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It was recently announced that a world record was broken on Crooked River Farm! Not by me, but some fellers who needed some land for a couple of days in order to break the record for light painting.  Nice write-up on the web site below, which includes a very well done video that has some drone shots of one of the bottom-land fields.

and an article in our local paper –

I noticed some Ailanthus trees dead by the side of the highway, and wrote asking my local paper what was up with them – was the highway department killing them?  They actually wrote an article about it –

Of course he mispelled basal bark treatment and neglected to mention triclopyr, the herbicide used (mentioned elsewhere in this blog).  But those problems are easily forgiven, with the note about “nonalfalfae”, a natural occuring fungus that is killing the trees.  And that it has been found at milepost 125 on I81, which is exactly where I saw the dead trees.  Poking around on the interwebs, I found that this was the very first place that this was discovered in VA. I’m sure it was noticed there, as it is close to VA Tech.

Further poking around finds that the fungus is actually called Verticillium nonalfalfae.  In a scientific article published only a couple of weeks ago by VA Tech and University of PA researchers, in the field, 100 canopy Ailanthus trees were inoculated across 12 stands with VnAa140 (verticillium nonalfalfae) from 2006 to 2009. By 2011, natural spread of the fungus had resulted in the mortality of >14,000 additional canopy Ailanthus, 10,000 to 15,000 Ailanthus sprouts, and nearly complete eradication of Ailanthus from several smaller inoculated stands, with the exception of a few scattered vegetative sprouts that persisted in the understory for several years before succumbing.

The article concludes: Our results indicate that V. nonalfalfae is host-adapted and highly efficacious against Ailanthus and is thus a strong candidate for use as a biocontrol agent.  I’ve written to the VA Tech researcher to see if I can get the fungus to innoculate some trees here.

So, like rose-rosette disease killing off the invasive multlflora, we now have potential biocontrol of ailanthus.  Next up, something for autumn olive?

Got some goats, sheep, and llamas onto Crooked River Farm this week. After the cows have grazed the pasture, the goats and sheep will eat a lot of what the cows don’t, increasing yield per acre, decreasing the “weed” load, further benefiting the pasture, and further increasing the yield per acre.  Virtuous cycle – at least that’s the theory.


The llama’s are there as “guard animals” – they are supposed to protect the flock of sheep and goats.  Again, that’s the theory. I once got a llama and a donkey to protect the sheep flock I had for about 25 years.  The donkey harassed the llama to death (literally) and proceeded to terrorize the sheep until we moved him to another paddock and ultimately, to another owner/farm. So far the llamas seem to be behaving themselves and doing their duty protecting the goats and sheep. Will be watching them all closely.  In theory, theory and practice are one and the same – in practice they are not….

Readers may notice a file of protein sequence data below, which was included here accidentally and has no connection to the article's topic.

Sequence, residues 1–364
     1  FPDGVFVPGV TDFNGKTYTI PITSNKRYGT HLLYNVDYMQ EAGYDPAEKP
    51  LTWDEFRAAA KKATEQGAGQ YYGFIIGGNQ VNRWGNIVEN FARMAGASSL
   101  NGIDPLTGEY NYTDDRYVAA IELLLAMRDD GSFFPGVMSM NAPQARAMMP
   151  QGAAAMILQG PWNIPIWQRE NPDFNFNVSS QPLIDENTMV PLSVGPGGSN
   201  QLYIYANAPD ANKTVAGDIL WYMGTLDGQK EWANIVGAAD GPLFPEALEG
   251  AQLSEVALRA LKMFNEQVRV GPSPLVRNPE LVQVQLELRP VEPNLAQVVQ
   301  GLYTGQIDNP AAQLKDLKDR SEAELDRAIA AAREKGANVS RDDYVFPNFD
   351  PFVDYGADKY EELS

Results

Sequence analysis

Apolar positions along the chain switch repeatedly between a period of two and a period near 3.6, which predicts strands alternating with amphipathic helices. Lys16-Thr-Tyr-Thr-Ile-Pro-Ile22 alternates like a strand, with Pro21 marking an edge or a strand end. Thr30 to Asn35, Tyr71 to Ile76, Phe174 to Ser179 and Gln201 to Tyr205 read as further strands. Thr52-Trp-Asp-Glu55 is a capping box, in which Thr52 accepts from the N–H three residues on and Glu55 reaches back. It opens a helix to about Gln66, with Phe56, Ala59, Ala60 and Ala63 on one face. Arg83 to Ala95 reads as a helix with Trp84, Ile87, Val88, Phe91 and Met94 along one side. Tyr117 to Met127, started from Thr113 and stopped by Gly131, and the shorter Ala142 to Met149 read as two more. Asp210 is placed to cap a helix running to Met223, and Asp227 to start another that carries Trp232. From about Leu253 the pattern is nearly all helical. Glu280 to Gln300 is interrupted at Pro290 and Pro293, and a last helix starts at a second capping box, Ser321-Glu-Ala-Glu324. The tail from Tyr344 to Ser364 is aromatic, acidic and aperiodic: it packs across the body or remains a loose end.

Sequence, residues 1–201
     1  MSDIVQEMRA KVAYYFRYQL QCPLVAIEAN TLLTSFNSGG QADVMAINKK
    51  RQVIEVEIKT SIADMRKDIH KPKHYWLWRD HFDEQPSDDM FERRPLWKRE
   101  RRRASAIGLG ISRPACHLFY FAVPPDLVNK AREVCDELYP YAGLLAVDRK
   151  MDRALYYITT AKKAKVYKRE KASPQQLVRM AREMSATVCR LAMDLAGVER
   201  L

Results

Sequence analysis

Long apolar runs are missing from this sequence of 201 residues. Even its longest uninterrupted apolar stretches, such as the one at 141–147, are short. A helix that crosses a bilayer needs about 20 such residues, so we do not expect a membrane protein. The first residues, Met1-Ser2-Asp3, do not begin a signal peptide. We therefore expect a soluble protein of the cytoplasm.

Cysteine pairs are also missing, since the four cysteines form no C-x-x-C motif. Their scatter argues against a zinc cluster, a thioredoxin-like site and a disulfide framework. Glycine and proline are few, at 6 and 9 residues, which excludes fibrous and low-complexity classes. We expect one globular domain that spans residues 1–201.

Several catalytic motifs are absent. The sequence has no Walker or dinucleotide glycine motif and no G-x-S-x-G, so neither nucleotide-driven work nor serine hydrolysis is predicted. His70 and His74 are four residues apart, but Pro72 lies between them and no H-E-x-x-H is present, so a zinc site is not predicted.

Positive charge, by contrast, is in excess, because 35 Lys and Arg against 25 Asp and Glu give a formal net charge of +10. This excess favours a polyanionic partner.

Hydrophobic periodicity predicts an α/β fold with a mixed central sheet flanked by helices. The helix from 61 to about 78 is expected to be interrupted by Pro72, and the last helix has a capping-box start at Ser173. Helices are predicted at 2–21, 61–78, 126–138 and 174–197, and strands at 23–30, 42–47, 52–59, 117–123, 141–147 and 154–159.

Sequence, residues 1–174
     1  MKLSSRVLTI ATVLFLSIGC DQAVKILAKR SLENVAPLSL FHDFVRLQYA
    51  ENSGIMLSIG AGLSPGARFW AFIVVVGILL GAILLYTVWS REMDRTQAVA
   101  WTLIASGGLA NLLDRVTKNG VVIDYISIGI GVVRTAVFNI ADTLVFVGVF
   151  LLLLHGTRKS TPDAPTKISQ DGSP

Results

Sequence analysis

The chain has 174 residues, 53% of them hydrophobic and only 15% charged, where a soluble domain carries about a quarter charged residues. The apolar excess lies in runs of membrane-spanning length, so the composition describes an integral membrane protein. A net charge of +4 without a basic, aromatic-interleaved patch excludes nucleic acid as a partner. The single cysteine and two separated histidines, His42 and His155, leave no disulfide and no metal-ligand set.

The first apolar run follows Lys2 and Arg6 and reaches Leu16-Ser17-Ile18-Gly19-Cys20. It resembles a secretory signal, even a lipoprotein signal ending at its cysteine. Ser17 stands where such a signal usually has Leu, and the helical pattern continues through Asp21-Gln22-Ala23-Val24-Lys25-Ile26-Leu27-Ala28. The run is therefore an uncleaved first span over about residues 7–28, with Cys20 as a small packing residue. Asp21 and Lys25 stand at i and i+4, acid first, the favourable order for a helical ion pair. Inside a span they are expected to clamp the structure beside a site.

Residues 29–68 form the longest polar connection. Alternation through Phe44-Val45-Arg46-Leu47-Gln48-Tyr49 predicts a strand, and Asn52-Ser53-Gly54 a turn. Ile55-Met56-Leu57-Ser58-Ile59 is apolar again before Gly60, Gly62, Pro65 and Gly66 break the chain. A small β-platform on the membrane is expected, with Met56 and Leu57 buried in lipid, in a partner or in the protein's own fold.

The brown marmorated stink bug, one of our newest and most insidious and invasive pests, has a symbiotic relationship with the ailanthus tree according to a recent article in the Staunton News Leader.  Dr. Ames Herbert, an extension entomologist from VA Tech, says

“Heavy infestations seem to be associated with fields with wooded borders, especially if there are concentrations of the invasive weed Tree of Heaven,” Herbert said. “Both are native to China and the (stink bug) seems to be strongly attracted to that host, especially when the trees are putting out their seed clusters. It’s like a happy reunion.”

The highest concentrations of the stink bugs have been found where the invasive plant is also found in high numbers, Herbert noted.

The article does not offer the best advice for getting rid of ailanthus, but it makes an additional case to do so.

If you google “ailanthus eradication”, this blog is ranked #1.  That, and “multiflora rose eradication” are the two biggest reasons people find this blog on their own (over 20,000 hits so far).  So over the next few months I will try to increase the information available on this blog about eradicating these invasive exotics.  VA Tech and Penn State have both done some research on using Verticillium wilt as a natural control of ailanthus, with the main disadvantage being that it also kills mimosa trees.  I will try to post more on that soon.

Late last week, I was using my trusty, rusty, Stihl chain saw to saw up one of the dozer piles of Virginia Pines so it would burn.  I love my old chain saw – it was the first quality chainsaw I had bought about 1o years ago, and it has given me yeoman service.  Still starts on the first few pulls and does the job.  When it got dark, I put the saw into the bucket of the tractor and headed back to it’s usual parking spot.  On the way, I passed a brush pile we were burning and saw a log had rolled out.  I pushed it back in with the tractor bucket.  And unknowingly dropped the chainsaw into the burning pile at the same time and went home.  DOH!



Oh, well. Trish had been agonizing over what to get me for Christmas.

Welcome to this blog about the Crooked River Farm project. Along the bar above, or summary to the left, you can get a little bit of history of the farm and what we’ve done up until about the 1st of Dec 2008. After that, I’ve resorted primarily to the blog format for updates, which end up in the Topics section on the left.

I hope you experience the full schadenfreude of farm restoration and custom home building!

Trish and Chris

Suffolk Punch Draft Horses in Upper Pasture

Suffolk Punch Draft Horses in Upper Pasture

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